A CDN takes static, pre-rendered versions of your web pages, and deploys them globally to many locations around the world, so that when someone accesses your website, they are accessing a local copy of your content at the location nearest to them, no matter where they are in the world. This works great, but does mean that all those locations need to be refreshed every time you make a change or release new content to your website.
However, in the last few years, an alternate website deployment architecture has emerged. Variously referred to as serverless, static web apps, or JAMstack, the concept is fairly simple. If the ideal scenario for serving content for a website is via a CDN, which not just deploy a set of static web files directly to the CDN, and no backend server is required!
The benefits are immediate and fairly obvious:
- there is no server, nothing to manage, configure, patch, upgrade, or monitor
- web hosting costs are dramatically lower, and quite likely zero cost, as you are only paying for a CDN service (which many providers including AWS offer for free up to a generous limit)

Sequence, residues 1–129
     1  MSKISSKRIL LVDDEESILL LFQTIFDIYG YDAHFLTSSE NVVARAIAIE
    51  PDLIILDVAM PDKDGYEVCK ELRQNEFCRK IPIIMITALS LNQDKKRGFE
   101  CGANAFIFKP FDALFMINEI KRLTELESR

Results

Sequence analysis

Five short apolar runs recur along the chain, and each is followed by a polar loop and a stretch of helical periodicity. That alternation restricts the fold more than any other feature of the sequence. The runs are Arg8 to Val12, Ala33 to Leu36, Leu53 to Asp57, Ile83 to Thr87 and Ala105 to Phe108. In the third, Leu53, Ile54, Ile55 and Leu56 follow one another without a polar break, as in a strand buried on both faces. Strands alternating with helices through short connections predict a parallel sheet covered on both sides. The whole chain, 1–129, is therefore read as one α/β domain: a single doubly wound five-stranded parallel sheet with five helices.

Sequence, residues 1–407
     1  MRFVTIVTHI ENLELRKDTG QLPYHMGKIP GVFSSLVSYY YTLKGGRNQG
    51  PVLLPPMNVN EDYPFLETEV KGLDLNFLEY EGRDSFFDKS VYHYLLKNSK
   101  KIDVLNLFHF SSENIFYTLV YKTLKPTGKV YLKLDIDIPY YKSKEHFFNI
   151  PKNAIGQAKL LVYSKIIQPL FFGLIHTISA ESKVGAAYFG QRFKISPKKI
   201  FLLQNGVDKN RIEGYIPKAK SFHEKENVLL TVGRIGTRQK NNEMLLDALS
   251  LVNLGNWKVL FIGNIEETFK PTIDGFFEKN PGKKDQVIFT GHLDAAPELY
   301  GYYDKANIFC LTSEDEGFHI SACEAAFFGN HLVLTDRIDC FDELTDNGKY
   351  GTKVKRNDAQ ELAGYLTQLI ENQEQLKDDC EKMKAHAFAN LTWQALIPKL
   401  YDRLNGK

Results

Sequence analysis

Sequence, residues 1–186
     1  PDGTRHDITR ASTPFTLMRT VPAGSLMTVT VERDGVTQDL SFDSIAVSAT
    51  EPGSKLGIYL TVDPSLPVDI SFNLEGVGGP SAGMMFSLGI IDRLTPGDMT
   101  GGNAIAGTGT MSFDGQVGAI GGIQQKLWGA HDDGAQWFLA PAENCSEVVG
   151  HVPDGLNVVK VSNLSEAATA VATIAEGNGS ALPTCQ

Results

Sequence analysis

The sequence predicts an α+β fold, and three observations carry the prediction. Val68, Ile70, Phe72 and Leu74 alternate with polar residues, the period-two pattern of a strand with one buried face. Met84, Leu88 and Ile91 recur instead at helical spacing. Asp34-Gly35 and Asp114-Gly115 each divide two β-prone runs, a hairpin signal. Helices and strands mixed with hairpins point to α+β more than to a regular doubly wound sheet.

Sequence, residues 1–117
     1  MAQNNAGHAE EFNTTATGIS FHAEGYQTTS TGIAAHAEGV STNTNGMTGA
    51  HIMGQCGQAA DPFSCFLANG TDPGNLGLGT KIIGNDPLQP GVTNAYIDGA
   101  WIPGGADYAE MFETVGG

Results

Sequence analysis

- no server means the security of your website is guaranteed, there is nothing for a hacker to access or login to (the worst that can happen is someone compromises the CDN service and corrupts your files, in which case you can just redeploy in minutes to overwrite the content)
- the web site content is always up to date and refreshed, you never have to worry about the slight possibility that someone is accessing an older copy of your website because the CDN wasn’t refreshed correctly (this happens more often than people like to admit, depending on how you have configured your website)
- your website is global and always fast as it is a set of static web files that is served from a CDN, from potentially hundreds (or even thousands) of locations around the world (depending on your CDN provider)
- you don’t need to worry about SEO (search engine optimisation) (search engines generally like static fast content and tend to rank them high)
Our new website is fast. How fast? Our LightHouse score is 96:
The Hello Tham website is now a web app written (based on the gatsby-starter-netlify-cms starter) using the following technologies: